Who Else Wants a Recess Appointment (Or: How to Pay Your Bolton)

by Mike on 11/15/2006

in Best of Release, Mob Rule, Perpetual Beta : Release

In the wake of the elections it is now apparent that, even insulated from any potential electoral consequences, the outgoing Senate majority – of the President’s own party – will not even give him the courtesy of an up-or-down floor vote on John Bolton, the President’s nominee for U.N. Ambassador. This has more to do with the arcane rules governing the Senate than it does any act of political will, but I have no doubt that Senator Frist and his Republican colleagues could, if they really wanted to, get Bolton to the Senate floor. (For example, by replacing Lincoln Chafee on the Senate Foreign Relations Committee.)

In the wake of that failure by the Senate to even take a vote on whether or not they want to confirm Bolton, the President has limited options. He seems to really want Bolton to be his man, and the past year Bolton has served in that post by recess appointment have belied Bolton’s critics and pleased his supporters. If the President wants to keep Bolton at the helm after his current appointment expires this year, he has two options: designate Bolton as “acting” Ambassador or give Bolton a second consecutive recess appointment.

The first question has been discussed more thoroughly elsewhere; as a lawyer I was drawn to the issue of consecutive recess appointments. The Constitution does not expressly address the issue, and prior to the mid-1800’s, the practice was not unheard of. But the widely-reported catch to a second appointment is that Bolton cannot be paid out of the U.S. Treasury. (Apparently, such folks don’t qualify for a “living wage.”)

Some folks advocate paying Bolton out of private funds. But like the good patriots over at TPMCafe, I’ve conducted a legal study and in my opinion, that would be totally unnecessary. If the President wants Bolton as his man, and the Senate won’t give him an up or down vote, he has some very powerful options.

First, let’s look at the law in question, Title 5, Section 5503 of the United States Code. It says that:

Payment for services may not be made from the Treasury of the United States to an individual appointed during a recess of the Senate to fill a vacancy in an existing office, if the vacancy existed while the Senate was in session and was by law required to be filled by and with the advice and consent of the Senate, until the appointee has been confirmed by the Senate.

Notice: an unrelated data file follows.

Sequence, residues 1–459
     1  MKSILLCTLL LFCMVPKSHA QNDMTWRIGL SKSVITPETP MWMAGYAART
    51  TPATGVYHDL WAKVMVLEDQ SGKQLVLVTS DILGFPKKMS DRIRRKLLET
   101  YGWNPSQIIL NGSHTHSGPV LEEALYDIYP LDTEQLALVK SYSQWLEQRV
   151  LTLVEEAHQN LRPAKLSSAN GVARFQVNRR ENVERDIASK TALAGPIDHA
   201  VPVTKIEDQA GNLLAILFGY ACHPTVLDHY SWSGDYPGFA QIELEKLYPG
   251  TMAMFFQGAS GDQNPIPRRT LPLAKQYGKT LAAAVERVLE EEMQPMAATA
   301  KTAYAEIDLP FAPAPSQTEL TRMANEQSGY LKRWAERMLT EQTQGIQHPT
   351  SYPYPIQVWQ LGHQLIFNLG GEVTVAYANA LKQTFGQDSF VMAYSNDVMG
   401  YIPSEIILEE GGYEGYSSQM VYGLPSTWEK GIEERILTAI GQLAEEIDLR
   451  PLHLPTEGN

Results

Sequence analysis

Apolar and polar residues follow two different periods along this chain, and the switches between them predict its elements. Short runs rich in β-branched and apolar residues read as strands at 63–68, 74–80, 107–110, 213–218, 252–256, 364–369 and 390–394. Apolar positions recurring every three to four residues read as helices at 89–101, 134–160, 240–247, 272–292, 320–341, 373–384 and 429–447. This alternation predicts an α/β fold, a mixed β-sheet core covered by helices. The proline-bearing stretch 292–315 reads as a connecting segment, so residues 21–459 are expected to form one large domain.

This is the provision widely mentioned by the media and our anti-Bolton patriot friends. But the statute does not end there; it goes on to say:

This subsection does not apply—

(1) if the vacancy arose within 30 days before the end of the session of the Senate;

(2) if, at the end of the session, a nomination for the office, other than the nomination of an individual appointed during the preceding recess of the Senate, was pending before the Senate for its advice and consent; or

(3) if a nomination for the office was rejected by the Senate within 30 days before the end of the session and an individual other than the one whose nomination was rejected thereafter receives a recess appointment.

If the President can trigger one of these three exceptions, he can appoint Bolton to a second recess appointment and even pay him for his work. The first exception doesn’t apply here, since the vacancy has existed for some time now. But what about two and three? Neither of them apply now, because they require the President to appoint someone other than Bolton to fill the vacancy first.

Well, we know the Senate’s not going to confirm Bolton. Why not withdraw that nomination and put someone else forward? If the President does this less than 30 days before the end of session, one of three things happens:

1. The session ends with an appointment pending. Exception two applies and Bush can use a recess appointment for Bolton with full pay.

2. The Senate rejects the nominee, within 30 days before the end of the session. Exception three applies and a reappointed Bolton gets paid.

3. The President’s other nominee gets confirmed.

No matter how you slice it, the President wins. Legally speaking, the President could use this technique at the end of every session where the Senate has refused to act on a nomination, and keep every vacancy filled until the end of his term. This technique could not only be used to get the President’s picks in the their slots, it could also be used as a tactic to induce the Senate to give a nominee an up-or-down vote. As long as the actual nominee is more palatable to the Senate than the prospective recess appointment (imagine U.S. Ambassador Robert Bork), the Senate would be under pressure to move expediently on the pending nomination, and by confirming the more palatable nominee eject the unpalatable recess appointment. Properly used, in the long term this technique could be a powerful antidote to the Senate’s structural tendency towards inaction. And in the short term, it could keep John Bolton in the U.N. and keep him in the money.

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